Executive Coaching Essay

Pages: 6 (1878 words)  ·  Bibliography Sources: 4  ·  File: .docx  ·  Level: Doctorate  ·  Topic: Leadership

Executive Coaching

In the recent past, organizational and executive coaching has continued to gain in popularity as firms seek to enhance the ability of leaders and executives to achieve both organizational and professional goals. In my view, the growing popularity of executive coaching is also in one way or the other rooted in the critical role organizational/executive coaches play in developing leaders in their current job setting. In this text, I describe my past views in regard to the purpose of organizational/executive coaches. Further, I highlight my current views on the purpose of coaching based on the ideas I have obtained over time from various sources. In the final sections of the text, I compare and contrast my past (initial) and present (enhanced) views on the purpose of executive coaching.

The Purpose of an Executive/Organizational Coach: An Examination of Past Views

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Although the popularity of executive/organizational coaching has been on the rise in the recent past, the same cannot be considered a new phenomenon. Personally, I have in the past held diverse views regarding executive/organizational coaching, its nature as well as purpose. To begin with, prior to my enhanced understanding of executive/organizational coaching, I considered the same to be critical for the development of talent in an organizational setting. I held the opinion that executive coaching was instrumental in enhancing the existing skills and leadership capabilities of executives. This in my view was necessary as organizations sought to build their effectiveness and that of their employees using a wide range of coaching approaches and assessment tools.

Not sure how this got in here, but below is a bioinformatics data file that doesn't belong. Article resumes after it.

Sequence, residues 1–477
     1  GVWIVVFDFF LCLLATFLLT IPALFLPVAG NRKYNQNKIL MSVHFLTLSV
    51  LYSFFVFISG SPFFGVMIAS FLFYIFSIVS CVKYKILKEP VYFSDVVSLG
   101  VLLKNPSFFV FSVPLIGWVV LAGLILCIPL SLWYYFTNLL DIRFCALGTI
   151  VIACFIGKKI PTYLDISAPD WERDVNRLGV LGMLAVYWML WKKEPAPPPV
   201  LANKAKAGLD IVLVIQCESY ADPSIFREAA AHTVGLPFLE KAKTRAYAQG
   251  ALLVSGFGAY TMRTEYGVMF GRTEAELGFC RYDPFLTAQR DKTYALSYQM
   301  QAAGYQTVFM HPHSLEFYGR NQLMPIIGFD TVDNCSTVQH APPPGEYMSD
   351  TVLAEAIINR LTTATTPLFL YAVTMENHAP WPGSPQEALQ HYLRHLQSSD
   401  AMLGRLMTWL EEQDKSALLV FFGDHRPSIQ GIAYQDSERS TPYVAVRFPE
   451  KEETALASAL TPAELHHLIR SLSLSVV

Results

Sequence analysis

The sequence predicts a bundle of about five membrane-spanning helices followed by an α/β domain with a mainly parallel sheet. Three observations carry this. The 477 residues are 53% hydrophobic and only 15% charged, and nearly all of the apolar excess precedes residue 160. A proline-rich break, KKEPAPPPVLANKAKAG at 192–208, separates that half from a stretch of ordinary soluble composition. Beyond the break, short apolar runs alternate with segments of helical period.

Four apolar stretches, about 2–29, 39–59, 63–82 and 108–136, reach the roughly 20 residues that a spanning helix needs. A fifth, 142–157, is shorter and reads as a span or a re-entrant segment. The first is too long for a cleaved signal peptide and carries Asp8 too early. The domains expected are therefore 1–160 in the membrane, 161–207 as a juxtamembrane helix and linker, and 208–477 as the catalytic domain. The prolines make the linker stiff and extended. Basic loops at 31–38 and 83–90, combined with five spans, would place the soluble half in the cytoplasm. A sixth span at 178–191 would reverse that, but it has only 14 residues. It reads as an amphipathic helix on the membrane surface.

Essay on Executive Coaching Assignment

Next, I was convinced that yet another important purpose of an executive/organizational coach was spearheading organizational and behavioral change. In my view then, the roles of an executive coach as a change agent could vary largely. In this case, I was of the opinion that in seeking to bring about change, executive/organizational coaches were involved in the establishment of a coaching culture (where it didn't exist) as well as the general creation of a learning organization. Hence in my view, the purpose of an executive/organizational coach as a change agent was largely limited to the development of new ways of working and thinking in any given organization.

I also considered the purpose of an executive/organizational coach to revolve around helping leaders accelerate their success. In this regard, I reasoned that one of the main reasons organizations hired executive/organizational coaches was to nurture the existing talents and skills of leaders so as to fast track their development towards self and organizational fulfillment. Closely related to this was the view that coaches could be counted upon when it came to the enhancement/facilitation of special organizational or personal objectives of executives including but not in any way limited to team building, performance management, communication skills (professional and interpersonal) and career transition.